Camp Martin Travels

These entries will be a combination of historical day trips, graduate level travel courses, and just little stops along the way. I have been teaching 8th grade American History for over 25 years. I am also a Civil War Reenactor and have traveled to Germany and Austria with several groups of exchange students and written about our adventures. Please check all my posts by using the monthly Blog Archive tabs shown below. I have posted over 150 Blog Episodes since 2009... Please explore them all!

Sunday, May 16, 2010

Appomattox Court House / Part # 1

Appomattox Court House
-------------- Part # 1 --------------
The Journey Through Rural Virginia

 The Mountains of Rural Virginia
Following my stop at Monticello, I continued on my journey south toward Appomattox Court House for the 145th anniversary of the Civil War surrender ceremony.  I later discovered that because I was at Monticello and not on the main drag of Charlottesville, my GPS routed me away from the major highway of Route 81 and took me through country roads instead.  It would be an experience in itself, navigating through rural Virginia through logging and cattle country.

An Old Leaning Barn
At first, I thought the GPS was taking me back toward the highway and every time a turn was pending I was expecting to come upon the main road.  Instead, every turn led to a narrower road through areas of true rural poverty.  Most roads were void of any signs of community but every so often I would come across a small collection of run down mobile homes that almost looked condemned.  Other times, a dilapidated home was nestled next to a nice neat vinyl sided house.  The large population of cattle grazing on large fenced in pastures were the only living things visible mile after mile.

Pastures of Green Spring Grass
I passed tract after tract of pine tree farms at various stages of maturity.  Some areas had been recently clear-cut and showed the ugly side of man’s impact on the environment.  Other areas showed the rebirth of conservation of bright green seedlings taking root for future harvests.  I later learned that 60% of our harvested wood now comes from tree plantations, many of which reside in the southern states.  I was glad I had half a tank of gas because after driving more than an hour, I had yet to see another car, let alone, a gas station.   I didn't stop to get out of the car to take too many pictures due to my intense fear of hillbillies.  I don't know, maybe I've seen the movie Deliverance one too many times.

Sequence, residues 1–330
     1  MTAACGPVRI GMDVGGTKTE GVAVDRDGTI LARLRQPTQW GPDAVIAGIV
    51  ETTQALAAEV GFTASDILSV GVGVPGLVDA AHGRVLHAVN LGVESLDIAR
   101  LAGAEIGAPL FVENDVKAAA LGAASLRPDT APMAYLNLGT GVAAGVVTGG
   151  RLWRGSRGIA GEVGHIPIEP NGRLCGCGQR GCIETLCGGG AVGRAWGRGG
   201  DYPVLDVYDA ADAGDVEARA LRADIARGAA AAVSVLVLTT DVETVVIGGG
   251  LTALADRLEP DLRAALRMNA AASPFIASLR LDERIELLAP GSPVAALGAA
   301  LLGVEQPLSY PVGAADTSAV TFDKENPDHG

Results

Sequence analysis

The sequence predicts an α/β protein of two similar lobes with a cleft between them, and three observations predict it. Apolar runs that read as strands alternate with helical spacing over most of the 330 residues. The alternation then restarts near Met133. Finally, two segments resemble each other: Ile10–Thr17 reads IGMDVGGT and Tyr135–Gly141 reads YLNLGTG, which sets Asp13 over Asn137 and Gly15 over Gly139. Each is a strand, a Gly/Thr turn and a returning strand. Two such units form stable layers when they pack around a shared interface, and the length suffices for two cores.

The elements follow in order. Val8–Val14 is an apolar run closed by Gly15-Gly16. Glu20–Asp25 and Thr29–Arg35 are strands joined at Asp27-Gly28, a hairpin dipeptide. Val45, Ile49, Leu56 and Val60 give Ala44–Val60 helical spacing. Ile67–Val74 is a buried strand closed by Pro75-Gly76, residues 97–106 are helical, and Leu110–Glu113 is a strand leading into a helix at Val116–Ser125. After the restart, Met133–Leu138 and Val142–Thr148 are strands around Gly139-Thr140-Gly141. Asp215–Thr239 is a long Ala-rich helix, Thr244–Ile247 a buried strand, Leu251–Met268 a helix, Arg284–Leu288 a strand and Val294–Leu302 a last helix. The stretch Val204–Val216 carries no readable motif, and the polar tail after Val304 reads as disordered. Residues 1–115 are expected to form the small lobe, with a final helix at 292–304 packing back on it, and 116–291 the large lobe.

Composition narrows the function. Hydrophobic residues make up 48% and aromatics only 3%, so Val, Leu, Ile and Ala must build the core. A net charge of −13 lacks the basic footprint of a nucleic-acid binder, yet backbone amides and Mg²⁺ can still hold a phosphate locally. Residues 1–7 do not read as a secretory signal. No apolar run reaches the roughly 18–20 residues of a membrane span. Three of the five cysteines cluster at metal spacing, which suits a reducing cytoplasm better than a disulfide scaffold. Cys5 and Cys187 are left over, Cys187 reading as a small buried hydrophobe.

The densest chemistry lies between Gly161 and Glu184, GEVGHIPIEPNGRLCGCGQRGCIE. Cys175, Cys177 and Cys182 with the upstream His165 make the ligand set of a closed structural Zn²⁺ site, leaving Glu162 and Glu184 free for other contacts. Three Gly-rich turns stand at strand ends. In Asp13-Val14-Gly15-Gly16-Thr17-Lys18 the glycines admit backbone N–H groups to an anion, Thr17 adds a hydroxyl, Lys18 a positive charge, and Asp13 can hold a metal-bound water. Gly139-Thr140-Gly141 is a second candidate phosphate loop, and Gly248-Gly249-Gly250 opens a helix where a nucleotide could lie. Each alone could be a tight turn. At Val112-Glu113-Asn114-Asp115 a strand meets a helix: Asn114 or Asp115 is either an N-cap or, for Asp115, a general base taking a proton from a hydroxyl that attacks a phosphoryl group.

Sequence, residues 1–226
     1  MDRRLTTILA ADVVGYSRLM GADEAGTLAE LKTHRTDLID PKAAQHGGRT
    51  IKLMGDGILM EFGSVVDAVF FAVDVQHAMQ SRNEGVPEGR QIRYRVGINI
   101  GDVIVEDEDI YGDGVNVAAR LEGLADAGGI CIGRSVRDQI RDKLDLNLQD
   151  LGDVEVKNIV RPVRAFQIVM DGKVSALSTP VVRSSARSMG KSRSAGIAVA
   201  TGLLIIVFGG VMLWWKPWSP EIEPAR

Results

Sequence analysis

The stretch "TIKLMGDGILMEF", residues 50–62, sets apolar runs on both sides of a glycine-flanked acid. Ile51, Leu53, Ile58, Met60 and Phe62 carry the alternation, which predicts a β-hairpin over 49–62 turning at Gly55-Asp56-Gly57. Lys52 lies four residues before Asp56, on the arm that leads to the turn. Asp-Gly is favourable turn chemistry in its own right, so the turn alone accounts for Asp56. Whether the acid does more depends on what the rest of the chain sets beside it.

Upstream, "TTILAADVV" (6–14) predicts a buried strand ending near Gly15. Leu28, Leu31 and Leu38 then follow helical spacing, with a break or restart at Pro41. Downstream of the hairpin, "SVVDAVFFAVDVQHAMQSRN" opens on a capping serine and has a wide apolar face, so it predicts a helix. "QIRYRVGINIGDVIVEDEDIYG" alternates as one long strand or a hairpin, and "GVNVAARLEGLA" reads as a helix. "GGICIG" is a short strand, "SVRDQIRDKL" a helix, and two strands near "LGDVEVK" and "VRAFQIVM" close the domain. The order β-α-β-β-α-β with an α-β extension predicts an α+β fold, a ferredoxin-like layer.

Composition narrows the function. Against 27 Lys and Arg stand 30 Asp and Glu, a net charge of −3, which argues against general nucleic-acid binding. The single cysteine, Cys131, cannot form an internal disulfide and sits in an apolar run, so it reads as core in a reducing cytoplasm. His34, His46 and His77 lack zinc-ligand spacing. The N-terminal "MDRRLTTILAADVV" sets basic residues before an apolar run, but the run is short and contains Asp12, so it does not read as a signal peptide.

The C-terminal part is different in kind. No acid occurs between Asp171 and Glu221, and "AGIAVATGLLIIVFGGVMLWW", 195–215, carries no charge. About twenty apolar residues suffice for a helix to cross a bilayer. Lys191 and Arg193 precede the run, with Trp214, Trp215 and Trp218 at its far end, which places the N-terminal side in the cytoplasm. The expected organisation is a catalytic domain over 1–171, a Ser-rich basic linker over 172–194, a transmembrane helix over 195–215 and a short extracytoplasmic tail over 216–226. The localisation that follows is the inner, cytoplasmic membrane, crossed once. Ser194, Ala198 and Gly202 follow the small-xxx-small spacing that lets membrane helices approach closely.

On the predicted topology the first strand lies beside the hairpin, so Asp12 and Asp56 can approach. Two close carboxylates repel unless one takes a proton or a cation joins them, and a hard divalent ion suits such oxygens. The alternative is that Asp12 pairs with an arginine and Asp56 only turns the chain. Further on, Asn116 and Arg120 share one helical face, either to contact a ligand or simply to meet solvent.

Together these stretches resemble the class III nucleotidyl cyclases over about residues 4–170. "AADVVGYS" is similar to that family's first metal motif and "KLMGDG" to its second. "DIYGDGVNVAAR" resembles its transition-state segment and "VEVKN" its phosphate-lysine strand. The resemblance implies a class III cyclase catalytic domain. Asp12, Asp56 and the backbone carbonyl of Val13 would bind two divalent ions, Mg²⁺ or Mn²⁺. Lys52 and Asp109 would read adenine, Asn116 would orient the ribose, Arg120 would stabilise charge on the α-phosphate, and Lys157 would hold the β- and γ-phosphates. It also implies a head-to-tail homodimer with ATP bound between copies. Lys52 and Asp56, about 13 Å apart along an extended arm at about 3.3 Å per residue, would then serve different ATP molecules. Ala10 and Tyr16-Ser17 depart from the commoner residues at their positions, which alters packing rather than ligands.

Old White Washed House
I was beginning to get a little worried that my GPS was not taking me to the correct target location.  I am new to the device so I was hesitant to start pressing buttons to try and find out where it was actually taking me.  I decided to trust the technology, amazed that it even recognized these rural roads that seemed more like logging roads that were marked by numbers and not actual names.  In addition, the unseen woman within the GPS with the British accent sounded very confident as she guided me forward. 

Along the Mount Rush Highway
After yet another turn, the road became a little more modern and had an actual name of the Mount Rush Highway. Eventually, I saw a small faded sign for Appomattox Court House and breathed a sigh of relief.   Soon I was passing some familiar brown and white historical markers and the historically preserved village of Appomattox Court House came into view.  I saw people for the first time in hours, the first being an enemy soldier waving the Confederate flag to welcome the arriving troops.

The Old Road into Appomattox
I continued onward to find my hotel, which turned out to be quite a challenge since it was not actually located in Appomattox but on a nearby highway that would have brought me here if I would have left directly from Charlottesville at the start of my trip.  However, I was thankful for the rural trip through country roads in contrast to the familiar highway route.  It gave me a unique travel experience and a glimpse of life in the back country of rural Virginia and the wealth and poverty contained within.

The Union Camp at Appomattox
Appomattox Court House was a small village in 1865 when it was agreed to be the meeting place between General Robert E. Lee of the Army of Northern Virginia and General Ulysses S. Grant of the Army of the Potomac.  It continues to be a small town located in between the larger cities of Lynchburg and Richmond, the capital of the state of Virginia.   The historic village was a few miles from the newer town closer to the highway where my tent, I mean hotel room, was located.  After turning around four times and making two phone calls I found the Super 8 Motel nestled by a strip mall, Burger King, KFC, and Wal-Mart.  

 Early Spring in Appomattox
I checked in and changed into my wool suit of Union Blue and took the first step of the next phase of my journey of traveling back in time to April of 1865.  I backtracked to the reenactment site to join my brothers from the 30th PA Co. E.  Join me next time to read about one of the most well-preserved and naturally beautiful historic locations I have ever visited.  I reckon I’ll see you next time!

Please See All My Photo Albums of Appomattox at...

Appomattox Court House Part # 2

Appomattox Court House Part # 3

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